Everybody knows that Al Gore claimed to have invented the Internet. But like many things that everyone knows, it's not actually true.
So where did it come from? In a March 9, 1999 interview on CNN, Wolf Blitzer asked the candidate to describe what distinguished him from his Democratic challenger, New Jersey Sen. Bill Bradley. Here is how the exchange went:
Gore: I'll be offering my vision when my campaign begins. And it will be comprehensive and sweeping. And I hope that it will be compelling enough to draw people toward it. I feel that it will be. But it will emerge from my dialogue with the American people. I've traveled to every part of this country during the last six years. During my service in the United States Congress, I took the initiative in creating the Internet. I took the initiative in moving forward a whole range of initiatives that have proven to be important to our country's economic growth and environmental protection, improvements in our educational system.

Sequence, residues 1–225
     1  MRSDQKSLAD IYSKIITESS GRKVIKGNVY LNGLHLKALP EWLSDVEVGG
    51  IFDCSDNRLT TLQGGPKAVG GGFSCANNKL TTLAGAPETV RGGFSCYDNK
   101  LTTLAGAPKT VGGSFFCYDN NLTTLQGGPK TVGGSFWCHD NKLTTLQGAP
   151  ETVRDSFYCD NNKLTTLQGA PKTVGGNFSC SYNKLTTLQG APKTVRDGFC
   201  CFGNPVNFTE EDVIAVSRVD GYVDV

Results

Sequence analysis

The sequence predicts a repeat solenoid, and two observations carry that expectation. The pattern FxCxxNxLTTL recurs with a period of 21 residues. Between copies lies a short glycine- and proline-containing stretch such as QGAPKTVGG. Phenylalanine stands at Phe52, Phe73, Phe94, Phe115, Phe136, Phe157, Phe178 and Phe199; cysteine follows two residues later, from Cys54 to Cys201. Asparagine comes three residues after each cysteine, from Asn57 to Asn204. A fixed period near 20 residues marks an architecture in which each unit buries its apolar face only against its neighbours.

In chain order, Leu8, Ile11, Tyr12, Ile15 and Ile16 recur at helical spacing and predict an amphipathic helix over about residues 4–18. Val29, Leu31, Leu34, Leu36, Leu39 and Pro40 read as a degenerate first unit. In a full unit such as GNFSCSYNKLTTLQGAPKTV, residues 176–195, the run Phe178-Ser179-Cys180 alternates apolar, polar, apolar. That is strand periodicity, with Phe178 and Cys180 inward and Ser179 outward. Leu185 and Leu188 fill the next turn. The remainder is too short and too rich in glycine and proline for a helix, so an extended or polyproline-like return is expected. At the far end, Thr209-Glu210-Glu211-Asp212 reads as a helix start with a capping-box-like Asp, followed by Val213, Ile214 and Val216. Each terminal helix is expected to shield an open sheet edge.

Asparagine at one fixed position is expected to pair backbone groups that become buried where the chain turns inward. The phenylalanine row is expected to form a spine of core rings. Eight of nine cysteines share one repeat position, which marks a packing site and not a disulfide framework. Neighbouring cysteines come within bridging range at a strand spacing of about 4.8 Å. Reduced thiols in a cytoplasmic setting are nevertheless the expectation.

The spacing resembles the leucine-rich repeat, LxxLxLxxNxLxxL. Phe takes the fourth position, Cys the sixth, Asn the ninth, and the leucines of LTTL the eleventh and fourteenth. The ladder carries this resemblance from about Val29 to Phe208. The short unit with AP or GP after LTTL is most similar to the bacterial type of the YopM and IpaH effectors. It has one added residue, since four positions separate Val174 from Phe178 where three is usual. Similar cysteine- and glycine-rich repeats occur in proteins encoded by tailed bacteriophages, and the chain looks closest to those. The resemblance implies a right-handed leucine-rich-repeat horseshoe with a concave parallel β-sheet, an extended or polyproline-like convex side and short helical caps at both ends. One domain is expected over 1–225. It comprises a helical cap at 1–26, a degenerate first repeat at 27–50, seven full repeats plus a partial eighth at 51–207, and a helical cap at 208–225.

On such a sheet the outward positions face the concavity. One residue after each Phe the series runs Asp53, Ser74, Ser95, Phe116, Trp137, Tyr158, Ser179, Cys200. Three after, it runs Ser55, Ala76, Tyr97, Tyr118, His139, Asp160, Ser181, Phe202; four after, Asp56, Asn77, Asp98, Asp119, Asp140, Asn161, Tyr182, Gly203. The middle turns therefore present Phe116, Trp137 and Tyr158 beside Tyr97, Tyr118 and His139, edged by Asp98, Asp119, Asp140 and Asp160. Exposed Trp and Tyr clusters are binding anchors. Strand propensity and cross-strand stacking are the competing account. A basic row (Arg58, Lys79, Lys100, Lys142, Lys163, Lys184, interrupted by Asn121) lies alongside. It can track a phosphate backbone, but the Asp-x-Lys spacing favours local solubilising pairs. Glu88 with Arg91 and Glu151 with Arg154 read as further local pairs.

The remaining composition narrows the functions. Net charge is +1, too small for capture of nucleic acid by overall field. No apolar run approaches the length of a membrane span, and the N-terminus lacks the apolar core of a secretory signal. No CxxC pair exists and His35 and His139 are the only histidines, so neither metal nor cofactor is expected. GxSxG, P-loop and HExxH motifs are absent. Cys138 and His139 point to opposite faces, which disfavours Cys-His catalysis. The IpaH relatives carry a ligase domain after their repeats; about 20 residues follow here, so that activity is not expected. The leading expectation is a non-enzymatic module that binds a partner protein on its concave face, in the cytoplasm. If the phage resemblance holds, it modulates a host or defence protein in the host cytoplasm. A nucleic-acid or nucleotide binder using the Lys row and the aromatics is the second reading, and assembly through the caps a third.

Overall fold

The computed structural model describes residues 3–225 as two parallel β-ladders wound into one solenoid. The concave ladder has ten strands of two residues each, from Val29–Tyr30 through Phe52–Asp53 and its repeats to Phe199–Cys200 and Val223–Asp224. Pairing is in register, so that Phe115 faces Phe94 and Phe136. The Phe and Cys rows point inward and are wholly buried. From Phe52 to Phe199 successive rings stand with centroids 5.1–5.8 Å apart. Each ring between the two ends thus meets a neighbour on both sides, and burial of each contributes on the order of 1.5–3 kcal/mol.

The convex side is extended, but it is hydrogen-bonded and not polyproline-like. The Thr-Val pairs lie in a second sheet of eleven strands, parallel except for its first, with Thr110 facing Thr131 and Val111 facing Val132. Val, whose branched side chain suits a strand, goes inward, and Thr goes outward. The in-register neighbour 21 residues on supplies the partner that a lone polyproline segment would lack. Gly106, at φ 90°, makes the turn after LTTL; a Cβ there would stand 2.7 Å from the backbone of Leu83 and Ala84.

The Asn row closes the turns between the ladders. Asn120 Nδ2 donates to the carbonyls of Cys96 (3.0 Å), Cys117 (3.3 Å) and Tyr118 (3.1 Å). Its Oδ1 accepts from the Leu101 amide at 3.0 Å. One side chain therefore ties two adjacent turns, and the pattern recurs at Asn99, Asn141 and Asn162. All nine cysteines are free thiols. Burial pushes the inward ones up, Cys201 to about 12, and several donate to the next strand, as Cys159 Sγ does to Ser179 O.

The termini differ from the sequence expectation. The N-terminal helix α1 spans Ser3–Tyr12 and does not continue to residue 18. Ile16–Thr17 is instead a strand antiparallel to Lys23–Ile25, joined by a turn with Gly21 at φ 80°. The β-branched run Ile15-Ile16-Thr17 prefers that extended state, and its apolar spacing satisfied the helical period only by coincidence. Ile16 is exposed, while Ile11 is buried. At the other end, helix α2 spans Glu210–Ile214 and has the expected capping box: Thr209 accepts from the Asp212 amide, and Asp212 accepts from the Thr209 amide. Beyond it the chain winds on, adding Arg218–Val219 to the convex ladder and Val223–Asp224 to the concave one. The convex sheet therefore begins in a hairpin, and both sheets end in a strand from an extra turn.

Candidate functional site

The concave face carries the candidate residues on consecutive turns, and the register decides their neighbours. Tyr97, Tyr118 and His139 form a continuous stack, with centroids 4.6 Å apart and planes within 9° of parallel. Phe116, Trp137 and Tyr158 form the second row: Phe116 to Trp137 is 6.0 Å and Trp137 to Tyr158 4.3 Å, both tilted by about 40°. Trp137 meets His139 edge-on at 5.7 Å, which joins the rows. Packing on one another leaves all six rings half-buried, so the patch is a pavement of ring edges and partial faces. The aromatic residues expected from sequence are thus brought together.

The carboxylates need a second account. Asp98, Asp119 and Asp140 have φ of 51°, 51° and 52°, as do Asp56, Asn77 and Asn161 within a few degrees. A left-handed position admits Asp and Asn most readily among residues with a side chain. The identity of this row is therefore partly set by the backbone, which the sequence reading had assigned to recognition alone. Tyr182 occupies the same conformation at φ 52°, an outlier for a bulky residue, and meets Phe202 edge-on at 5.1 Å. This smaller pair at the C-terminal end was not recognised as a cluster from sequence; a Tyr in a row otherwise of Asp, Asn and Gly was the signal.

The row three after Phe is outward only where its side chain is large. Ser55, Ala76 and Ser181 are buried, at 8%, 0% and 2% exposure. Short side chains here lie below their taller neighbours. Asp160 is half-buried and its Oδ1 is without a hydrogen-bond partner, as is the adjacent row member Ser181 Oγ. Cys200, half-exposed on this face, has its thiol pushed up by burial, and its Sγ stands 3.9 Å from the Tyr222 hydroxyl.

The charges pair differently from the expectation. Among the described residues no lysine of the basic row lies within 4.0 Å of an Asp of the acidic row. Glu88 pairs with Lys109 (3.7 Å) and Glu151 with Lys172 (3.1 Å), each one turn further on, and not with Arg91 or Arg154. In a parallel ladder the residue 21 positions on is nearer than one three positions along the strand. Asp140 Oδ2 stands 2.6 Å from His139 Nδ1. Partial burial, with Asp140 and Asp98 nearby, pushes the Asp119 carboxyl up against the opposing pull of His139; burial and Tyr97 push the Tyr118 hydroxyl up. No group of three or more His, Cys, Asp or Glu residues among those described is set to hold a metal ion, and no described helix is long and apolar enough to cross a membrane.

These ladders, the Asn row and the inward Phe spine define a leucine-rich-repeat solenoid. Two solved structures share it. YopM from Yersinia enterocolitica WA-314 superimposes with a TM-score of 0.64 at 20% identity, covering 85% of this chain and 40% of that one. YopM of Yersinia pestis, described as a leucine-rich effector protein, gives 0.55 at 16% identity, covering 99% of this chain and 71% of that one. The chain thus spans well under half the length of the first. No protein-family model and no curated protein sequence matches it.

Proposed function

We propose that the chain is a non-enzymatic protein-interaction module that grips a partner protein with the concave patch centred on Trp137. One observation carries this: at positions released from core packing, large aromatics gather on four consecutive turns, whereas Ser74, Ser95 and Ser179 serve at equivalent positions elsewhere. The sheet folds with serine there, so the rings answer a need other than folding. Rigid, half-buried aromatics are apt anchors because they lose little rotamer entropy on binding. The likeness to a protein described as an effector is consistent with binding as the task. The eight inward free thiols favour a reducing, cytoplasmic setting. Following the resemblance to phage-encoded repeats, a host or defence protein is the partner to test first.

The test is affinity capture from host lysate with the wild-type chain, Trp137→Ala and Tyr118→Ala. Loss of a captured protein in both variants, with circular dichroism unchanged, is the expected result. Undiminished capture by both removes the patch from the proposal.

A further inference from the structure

It's clumsy wording, to be sure. But it's clear from looking at Gore's whole statement that he never claimed to have invented the Internet, in the sense of writing code or laying fiber-optic cables. He meant only to take credit for the contributions that he made as a member of Congress, contributions that have been lauded by people like Robert Kahn and Vint Cerf, who wrote the code that serves as the foundation for the Internet.
Who is to blame for coming up with the "Al Gore claimed to have invented the Internet" meme? This guy.
Two days after Gore appeared on CNN, libertarian writer Declan McCullagh posted a story on Wired News mocking him for claiming to be the "father of the Internet." McCullagh never used the word "invented," but it took only a few days before it mutated into its current form, helping to cement the public perception of Gore as a serial exaggerator.